There’s salt on the brow and upper lip when one enters Alexandria’s Cecil Hotel. It’s the 1940s, jazz is swinging in the lobby, chandeliers hang low enough to warm the collar, and the smell of freshly baked bread brings with it the overpowering undertones of lemon and whiskey. Fame and fortune are common guests here, so are some of the world’s most recognizable names.
Political adversaries debate in the dining rooms, Umm Kalthoum retires in her sea-view suite, and King Farouk plays a fine hand of poker in the banquet hall.
This was the essence of the Cecil.
Built in 1929 by the French-Egyptian Metzger family, it was designed to be romantic—a place of elegance and delicate detailing, Genovese corner crowns and thick satin drapes. Sitting right on the Alexandrian corniche, with a wide view of the Mediterranean, the Cecil Hotel occupies Saad Zaghloul square, where Cleopatra’s Needle was once on display.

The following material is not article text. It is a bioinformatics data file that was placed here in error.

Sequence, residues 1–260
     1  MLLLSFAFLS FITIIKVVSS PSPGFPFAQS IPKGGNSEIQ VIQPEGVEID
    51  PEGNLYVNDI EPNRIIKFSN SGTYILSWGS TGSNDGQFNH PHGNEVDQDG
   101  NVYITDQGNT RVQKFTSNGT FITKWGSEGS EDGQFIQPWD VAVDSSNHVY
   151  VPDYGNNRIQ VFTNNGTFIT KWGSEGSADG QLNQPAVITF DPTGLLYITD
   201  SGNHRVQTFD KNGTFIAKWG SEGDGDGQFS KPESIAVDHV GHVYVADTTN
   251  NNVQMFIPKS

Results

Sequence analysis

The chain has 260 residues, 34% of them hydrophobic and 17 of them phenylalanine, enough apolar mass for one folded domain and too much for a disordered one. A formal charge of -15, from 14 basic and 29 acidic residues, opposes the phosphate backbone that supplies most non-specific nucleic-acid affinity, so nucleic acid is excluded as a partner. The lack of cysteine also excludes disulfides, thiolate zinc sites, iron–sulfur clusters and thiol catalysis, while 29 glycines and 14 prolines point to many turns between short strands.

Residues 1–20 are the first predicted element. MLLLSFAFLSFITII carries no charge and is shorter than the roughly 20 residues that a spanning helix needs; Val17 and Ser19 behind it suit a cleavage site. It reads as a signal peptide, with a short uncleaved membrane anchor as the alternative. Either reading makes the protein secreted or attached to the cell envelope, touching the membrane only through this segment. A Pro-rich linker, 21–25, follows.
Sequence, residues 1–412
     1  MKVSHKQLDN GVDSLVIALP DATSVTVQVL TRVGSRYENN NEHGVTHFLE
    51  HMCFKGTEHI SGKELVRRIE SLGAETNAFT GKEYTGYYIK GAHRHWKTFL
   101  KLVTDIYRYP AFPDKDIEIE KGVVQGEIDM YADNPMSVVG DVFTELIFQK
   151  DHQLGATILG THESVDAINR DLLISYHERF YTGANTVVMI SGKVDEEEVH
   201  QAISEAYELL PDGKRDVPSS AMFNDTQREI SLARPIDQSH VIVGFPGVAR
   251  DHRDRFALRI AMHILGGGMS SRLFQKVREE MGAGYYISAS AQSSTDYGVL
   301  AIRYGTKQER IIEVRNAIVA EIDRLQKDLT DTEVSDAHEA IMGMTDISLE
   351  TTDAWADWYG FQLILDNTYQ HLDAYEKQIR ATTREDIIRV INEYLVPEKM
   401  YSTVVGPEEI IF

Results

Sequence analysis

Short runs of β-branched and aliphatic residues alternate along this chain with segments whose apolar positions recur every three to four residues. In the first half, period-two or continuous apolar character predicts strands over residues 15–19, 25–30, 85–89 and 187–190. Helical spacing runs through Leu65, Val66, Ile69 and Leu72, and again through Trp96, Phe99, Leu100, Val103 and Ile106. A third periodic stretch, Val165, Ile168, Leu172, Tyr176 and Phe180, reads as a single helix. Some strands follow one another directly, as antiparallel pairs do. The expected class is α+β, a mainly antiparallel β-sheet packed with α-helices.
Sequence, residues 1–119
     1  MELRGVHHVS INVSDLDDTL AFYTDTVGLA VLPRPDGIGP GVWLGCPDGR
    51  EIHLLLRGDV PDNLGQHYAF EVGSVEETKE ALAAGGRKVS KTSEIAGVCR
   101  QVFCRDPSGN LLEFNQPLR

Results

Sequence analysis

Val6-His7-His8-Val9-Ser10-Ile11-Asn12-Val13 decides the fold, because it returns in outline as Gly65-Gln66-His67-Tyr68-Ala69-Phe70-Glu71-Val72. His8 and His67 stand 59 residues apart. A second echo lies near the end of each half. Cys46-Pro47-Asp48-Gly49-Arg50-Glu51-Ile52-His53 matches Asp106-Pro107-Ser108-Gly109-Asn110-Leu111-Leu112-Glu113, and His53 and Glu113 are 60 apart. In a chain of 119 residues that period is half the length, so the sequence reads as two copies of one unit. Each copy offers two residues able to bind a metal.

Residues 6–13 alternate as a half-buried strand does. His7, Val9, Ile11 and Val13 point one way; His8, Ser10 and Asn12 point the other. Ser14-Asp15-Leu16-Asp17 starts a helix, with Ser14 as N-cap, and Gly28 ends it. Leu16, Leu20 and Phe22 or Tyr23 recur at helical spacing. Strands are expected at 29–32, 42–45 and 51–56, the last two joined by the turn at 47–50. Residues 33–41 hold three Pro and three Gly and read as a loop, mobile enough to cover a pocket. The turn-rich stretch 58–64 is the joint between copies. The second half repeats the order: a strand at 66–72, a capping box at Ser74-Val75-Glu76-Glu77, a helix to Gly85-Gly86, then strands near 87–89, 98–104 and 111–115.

Winston Churchill was a regular at the Cecil, ordered his drinks on the rocks and his bread warm. The British Secret Service had a permanent suite from which they ordered their operations. For decades, it was home to espionage and dance, a mantelpiece of the era. Absurdly, and perhaps questionably, Al Capone himself stayed at the Cecil for an undisclosed amount of time.
The hotel also appears in many novels, from Lawrence Durell’s Alexandria Quartet to Miramar by Naguib Mahfuouz.
It was only in 1952, with the advent of the Egyptian coup d’état turned revolution, that the government seized control of the Cecil Hotel; five years later, the Metzeger family were among the jewish community who were expelled from Egypt during the onset of the Arab-Israeli conflict. Come 2007, the Metzger family was able to successfully regain ownership of the hotel after an exhausting court battle.
It wasn’t long after that they sold it back to the government for a price tag worthy of its legacy.
Today, it is the five-star Steigenberger hotel. Although the era of bouncing skirts and belting choruses no longer saturates, the soul of the Cecil is certainly an unmissable, unforgettable, and inerasable part of the location.